Fox News Channel
James and Rupert Murdoch made their much-anticipated appearance in front of a Parliamentary committee in London today to answer questions in connection with the News Corp phone-hacking scandal.The hearings took up the better part of six hours.
The moment that will likely make all the newscasts is Rupert being attacked by a man bearing a plate of shaving cream and wife Wendi leaping (literally) to his defence.
As it happens that occurred near the end of their appearance. Here’s the highlights of what happened before that.
Rupert Murdoch may or may not be a doddering old man who has no idea what’s going on in his own company:
Rupert rarely does public interviews so it was a bit of a shock to witness his slow, short, frequently mumbling answers. Was this intentional? A way to deflect the tougher questions? Not clear.
Rupe’s entire defence – always punctuated by his banging the table with his fist — was that he was unaware of what was happening, that he was uniformed by those he trusted most (Les Hinton‘s name came up a number of times), and that NOTW only makes up 1% of the company and therefore didn’t get much of his attention.
When Rupe did interrupt son James to answer questions his answers were frequently preceded by long, painful silences, and were always short. If the News Corp board is indeed worried about Rupert’s ability to run the company this appearance can’t have been very encouraging.
That said, he is not resigning. Period. “I am the best person to clean this up.”
James’ demeanor, meanwhile, could not have been more at odds with his father’s. Much of the hearing felt like an unedited version of a Shakespeare play so fundamentally different were father and son’s approach to questioning. For the entirety of the hearing James was the picture of corporate speak. Calm and long-winded without actually saying much.
What they did admit: Was that News Corp (to their great shock) had continued to pay the legal expenses of Glen Mulcaire, the private detective hired by the News of the World to illegally hack the phones of individuals. James says this will be stopped. The NYT’s Don Van Natta noted on Twitter that “Mulcaire has been silent for 4 .5 yrs. He is a defendant in 37 claims. Of course News Int is paying his legal fees.”
Additionally: The Murdoch’s also professed ignorance to the amount of the payoffs dispensed in out of court settlements with phone-hacking victims, which is rather incredulous considering some of those payoffs were in the millions.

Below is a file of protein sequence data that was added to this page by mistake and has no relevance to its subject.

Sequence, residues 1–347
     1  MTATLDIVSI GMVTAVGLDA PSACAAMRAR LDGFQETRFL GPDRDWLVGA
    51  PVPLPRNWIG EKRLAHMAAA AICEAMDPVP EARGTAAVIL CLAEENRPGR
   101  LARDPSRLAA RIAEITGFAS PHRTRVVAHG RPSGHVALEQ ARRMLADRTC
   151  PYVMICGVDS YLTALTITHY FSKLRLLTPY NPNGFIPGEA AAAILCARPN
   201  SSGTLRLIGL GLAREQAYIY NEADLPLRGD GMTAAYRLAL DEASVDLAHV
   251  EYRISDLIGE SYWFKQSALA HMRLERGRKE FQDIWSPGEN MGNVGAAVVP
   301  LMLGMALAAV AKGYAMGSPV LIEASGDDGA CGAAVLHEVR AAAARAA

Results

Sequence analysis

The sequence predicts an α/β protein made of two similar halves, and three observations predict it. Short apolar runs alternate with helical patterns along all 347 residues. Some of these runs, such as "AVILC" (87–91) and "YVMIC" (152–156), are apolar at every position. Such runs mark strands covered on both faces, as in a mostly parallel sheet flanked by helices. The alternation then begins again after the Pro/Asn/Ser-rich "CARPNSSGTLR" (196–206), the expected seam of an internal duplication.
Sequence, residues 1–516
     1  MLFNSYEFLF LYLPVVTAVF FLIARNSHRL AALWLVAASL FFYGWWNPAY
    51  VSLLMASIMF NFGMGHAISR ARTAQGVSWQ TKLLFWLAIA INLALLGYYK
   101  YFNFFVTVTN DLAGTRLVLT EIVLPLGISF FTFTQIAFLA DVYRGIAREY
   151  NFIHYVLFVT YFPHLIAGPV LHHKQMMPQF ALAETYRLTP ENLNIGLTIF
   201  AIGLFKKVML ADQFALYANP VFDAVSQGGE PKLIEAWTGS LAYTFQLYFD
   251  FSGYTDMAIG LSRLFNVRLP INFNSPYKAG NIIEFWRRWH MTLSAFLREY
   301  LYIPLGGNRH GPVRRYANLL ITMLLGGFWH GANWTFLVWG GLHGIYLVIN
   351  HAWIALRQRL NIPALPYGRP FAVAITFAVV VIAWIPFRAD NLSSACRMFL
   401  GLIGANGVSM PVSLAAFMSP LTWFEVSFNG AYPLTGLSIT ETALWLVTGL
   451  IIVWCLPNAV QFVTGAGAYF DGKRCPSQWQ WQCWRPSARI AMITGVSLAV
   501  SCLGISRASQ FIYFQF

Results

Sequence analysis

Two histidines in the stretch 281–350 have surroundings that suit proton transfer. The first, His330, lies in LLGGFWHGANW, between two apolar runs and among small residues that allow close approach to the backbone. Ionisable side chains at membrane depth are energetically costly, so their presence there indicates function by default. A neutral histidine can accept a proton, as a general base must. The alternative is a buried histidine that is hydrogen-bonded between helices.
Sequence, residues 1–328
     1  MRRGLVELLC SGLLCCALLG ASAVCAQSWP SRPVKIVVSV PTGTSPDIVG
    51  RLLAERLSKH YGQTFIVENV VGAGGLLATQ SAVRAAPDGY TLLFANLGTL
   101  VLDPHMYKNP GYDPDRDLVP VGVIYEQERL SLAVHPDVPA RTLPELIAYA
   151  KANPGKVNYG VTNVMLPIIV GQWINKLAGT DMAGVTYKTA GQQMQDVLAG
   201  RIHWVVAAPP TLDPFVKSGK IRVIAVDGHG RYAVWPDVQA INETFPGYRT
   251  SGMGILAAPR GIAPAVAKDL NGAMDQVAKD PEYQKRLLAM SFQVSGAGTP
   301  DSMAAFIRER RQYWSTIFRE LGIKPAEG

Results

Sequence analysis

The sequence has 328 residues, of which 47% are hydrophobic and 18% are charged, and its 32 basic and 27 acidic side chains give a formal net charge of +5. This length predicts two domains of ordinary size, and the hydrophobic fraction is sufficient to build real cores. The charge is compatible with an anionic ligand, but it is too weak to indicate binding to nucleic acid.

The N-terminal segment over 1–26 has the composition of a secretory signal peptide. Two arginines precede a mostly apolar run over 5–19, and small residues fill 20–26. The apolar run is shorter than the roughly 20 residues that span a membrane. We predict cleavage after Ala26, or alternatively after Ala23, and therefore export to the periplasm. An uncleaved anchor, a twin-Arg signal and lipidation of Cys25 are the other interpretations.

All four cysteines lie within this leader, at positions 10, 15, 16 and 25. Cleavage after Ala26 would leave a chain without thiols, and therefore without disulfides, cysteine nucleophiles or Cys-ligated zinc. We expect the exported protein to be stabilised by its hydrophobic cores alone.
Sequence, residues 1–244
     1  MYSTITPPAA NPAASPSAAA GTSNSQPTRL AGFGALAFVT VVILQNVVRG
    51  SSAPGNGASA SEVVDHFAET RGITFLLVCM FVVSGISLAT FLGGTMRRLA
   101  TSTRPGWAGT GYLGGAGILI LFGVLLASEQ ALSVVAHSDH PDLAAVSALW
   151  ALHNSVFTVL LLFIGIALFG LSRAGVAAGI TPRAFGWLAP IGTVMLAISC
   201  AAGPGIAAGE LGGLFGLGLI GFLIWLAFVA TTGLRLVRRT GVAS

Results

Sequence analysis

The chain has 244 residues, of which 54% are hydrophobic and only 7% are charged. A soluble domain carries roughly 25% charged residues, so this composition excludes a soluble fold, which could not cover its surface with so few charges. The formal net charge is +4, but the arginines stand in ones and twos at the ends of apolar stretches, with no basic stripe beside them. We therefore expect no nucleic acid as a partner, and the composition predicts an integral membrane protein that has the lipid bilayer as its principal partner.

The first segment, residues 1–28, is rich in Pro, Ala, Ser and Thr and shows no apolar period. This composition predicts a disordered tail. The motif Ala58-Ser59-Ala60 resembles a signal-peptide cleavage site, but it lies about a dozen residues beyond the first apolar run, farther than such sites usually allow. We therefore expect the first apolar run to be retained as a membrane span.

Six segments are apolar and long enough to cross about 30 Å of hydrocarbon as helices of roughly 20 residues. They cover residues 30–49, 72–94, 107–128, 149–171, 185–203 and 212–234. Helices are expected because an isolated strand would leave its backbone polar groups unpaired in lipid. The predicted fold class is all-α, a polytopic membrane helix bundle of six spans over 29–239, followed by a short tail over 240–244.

Jame’s main defence throughout, and one that he returned to again and again, was that in 2007 when News Corp last dealt with these phone-hacking allegations and assured Parliament they had been dealt with they were relying on the information and assurances provided by police and outside distinguished legal counsel. This is key because Scotland Yard has also been rocked by this scandal and claims they were too cozy with News Corp.
They have seen no evidence that the phones of 9/11 victims were hacked. Both Murdochs were emphatic about this (perhaps aware it would be the dangerous tipping point in American coverage of this scandal). Rupert especially seemed to perk up during his answer to this question.
Rebekah Brooks also denied knowing about the hacking. Brooks said she was aware that NOTW had hired private detectives but that she had never met Glen Mulcaire. Moreover, she added her apologies to those of the Murdochs and said “the fact Milly Dowler’s phone was accessed by someone at NOTW is abhorrent to me.”
She also denied having anything to do with Andy Coulson being hired by David Cameron.
So where are we at the end of all this? Essentially no closer to knowing who knew what about who was doing what. But the lack of professed knowledge has to worrisome to shareholders and may come back to haunt News Corp if they make another bid for BSkyB.
Meanwhile, the brunt of the attention seems to have shifted to David Cameron for the time being.
NOW WATCH: Briefing videos
Business Insider Emails & Alerts
Site highlights each day to your inbox.